Does Electroconvulsive Therapy for Patients with Mood Disorders Extend Hospital Length of Stays and Increase Inpatient Costs?

Edeanya Agbese, Douglas L. Leslie, Djibril M. Ba, Robert Rosenheck

Research output: Contribution to journalArticlepeer-review

2 Scopus citations


Although randomized trials have shown that electroconvulsive therapy (ECT) is an effective and underused treatment for mood disorders, its impact on inpatient length of stay (LOS) and hospital costs are not fully understood. We analyzed private insurance claims of patients hospitalized for mood disorders who had continuous insurance for three months prior to an index hospitalization and six months after discharge (N = 24,249). Propensity score weighted linear models were used to examine the association of any ECT use, the number of ECT treatments, and time to first ECT treatment, with LOS and hospital costs adjusting for potential confounders. Three months prior to the index hospitalization, patients who subsequently received ECT had more than double the total healthcare costs and bed days ($12,669 vs. $6,333 and 4.5 vs. 0.92 days, p <.001) of the other group. During their index admission, patients receiving ECT had longer LOS (16.1 vs. 5.8 days, p <.001) and three times greater hospital costs ($28,607 vs. $8,708, p <.001). Analyses adjusted for other group differences showed a dose–response relationship between the number of ECT treatments and LOS and hospital costs. Receipt of ECT was associated with increased LOS by 4 to 29 days depending on the number of ECT treatments and increasing total hospital costs from $5,767 to $52,717. Receipt of any ECT and the number of treatments during hospitalization were associated with markedly increased LOS, hospital admission costs, and post-discharge costs. Cost-effectiveness of ECT may be enhanced by shifting treatments to outpatient settings when possible.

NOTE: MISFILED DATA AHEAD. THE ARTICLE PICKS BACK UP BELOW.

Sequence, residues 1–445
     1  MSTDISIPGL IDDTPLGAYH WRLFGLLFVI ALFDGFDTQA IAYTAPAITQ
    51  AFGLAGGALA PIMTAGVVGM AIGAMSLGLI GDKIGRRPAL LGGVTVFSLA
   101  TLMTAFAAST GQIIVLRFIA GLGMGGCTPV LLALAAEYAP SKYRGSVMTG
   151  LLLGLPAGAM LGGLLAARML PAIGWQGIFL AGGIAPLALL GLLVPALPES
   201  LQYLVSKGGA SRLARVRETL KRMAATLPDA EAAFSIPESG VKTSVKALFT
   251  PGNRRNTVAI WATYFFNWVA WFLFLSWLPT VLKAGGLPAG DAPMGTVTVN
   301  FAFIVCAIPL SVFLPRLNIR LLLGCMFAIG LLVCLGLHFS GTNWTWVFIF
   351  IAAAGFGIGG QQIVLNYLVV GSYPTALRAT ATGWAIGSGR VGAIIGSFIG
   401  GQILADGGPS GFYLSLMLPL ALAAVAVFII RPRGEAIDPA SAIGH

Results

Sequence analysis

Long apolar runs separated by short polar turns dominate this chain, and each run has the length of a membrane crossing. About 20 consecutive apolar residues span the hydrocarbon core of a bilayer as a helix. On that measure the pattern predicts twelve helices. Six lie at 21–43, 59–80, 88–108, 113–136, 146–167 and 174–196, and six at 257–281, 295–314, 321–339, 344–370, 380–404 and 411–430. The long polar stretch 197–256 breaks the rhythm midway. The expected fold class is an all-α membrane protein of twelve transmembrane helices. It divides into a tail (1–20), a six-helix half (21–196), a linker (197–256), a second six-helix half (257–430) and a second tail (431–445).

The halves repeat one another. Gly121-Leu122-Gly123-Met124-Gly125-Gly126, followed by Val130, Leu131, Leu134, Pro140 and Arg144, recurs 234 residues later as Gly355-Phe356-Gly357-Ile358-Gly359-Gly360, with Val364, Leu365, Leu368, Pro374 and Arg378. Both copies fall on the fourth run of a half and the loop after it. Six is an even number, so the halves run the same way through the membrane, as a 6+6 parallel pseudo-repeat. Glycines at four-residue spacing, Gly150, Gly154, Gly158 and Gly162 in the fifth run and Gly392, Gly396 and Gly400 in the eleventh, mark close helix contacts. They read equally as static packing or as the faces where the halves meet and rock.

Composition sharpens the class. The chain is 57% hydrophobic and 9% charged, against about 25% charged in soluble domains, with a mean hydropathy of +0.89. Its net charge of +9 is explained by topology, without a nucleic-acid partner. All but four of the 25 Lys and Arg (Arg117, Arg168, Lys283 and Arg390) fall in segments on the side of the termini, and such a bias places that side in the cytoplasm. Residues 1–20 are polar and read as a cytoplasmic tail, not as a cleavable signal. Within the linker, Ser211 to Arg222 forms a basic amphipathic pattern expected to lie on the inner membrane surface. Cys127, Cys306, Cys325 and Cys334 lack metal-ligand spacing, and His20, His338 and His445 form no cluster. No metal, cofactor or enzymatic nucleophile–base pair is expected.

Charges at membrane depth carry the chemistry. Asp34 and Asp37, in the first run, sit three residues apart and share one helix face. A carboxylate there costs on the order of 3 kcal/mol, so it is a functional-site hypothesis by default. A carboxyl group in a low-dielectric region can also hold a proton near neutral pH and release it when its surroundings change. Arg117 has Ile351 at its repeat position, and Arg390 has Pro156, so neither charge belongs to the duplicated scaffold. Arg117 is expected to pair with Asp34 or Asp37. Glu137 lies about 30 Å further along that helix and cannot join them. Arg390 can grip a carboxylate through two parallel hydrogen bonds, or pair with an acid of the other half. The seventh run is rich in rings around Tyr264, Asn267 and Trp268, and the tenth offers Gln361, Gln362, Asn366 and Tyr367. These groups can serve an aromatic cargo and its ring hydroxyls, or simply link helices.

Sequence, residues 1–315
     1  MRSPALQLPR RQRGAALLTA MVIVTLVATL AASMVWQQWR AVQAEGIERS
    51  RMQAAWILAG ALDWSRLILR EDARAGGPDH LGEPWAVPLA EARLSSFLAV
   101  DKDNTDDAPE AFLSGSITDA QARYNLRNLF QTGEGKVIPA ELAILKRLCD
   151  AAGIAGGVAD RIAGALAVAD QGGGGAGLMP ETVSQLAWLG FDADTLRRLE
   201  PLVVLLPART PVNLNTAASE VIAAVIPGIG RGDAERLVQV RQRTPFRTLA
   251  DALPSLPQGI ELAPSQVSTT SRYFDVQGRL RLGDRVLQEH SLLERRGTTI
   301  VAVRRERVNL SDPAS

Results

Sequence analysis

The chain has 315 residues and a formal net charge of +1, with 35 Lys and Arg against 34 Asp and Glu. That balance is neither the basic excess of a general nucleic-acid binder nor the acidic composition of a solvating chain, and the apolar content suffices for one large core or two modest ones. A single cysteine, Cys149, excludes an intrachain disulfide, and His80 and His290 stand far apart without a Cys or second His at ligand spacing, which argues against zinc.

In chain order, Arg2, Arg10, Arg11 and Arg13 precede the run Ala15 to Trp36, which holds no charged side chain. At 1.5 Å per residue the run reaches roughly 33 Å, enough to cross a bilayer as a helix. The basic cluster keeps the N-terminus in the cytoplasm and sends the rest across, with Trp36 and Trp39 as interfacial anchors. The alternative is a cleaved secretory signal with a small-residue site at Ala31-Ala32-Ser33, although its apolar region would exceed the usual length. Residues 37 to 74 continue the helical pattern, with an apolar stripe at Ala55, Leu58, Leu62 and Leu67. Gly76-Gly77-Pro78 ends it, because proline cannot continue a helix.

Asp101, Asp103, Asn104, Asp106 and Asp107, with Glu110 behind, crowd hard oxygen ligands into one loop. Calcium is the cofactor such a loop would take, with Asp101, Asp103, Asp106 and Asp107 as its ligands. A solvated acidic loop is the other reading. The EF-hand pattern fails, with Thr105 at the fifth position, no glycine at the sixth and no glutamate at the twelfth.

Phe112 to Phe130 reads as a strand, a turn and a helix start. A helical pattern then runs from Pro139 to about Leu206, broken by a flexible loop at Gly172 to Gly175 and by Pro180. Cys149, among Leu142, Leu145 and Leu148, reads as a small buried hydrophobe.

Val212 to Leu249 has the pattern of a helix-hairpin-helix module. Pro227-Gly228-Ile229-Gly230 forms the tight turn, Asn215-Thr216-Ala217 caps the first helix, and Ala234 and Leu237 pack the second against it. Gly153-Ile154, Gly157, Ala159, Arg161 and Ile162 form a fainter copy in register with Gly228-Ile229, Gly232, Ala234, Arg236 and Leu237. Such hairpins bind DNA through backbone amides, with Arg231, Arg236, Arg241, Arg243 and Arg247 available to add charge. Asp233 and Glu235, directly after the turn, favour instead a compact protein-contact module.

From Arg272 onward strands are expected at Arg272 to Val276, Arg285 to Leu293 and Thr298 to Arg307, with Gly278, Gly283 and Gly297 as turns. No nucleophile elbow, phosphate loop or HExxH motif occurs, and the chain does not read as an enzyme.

Original languageEnglish (US)
Pages (from-to)71-78
Number of pages8
JournalAdministration and Policy in Mental Health and Mental Health Services Research
Issue number1
StatePublished - Jan 2022

All Science Journal Classification (ASJC) codes

  • Phychiatric Mental Health
  • Health Policy
  • Public Health, Environmental and Occupational Health
  • Psychiatry and Mental health


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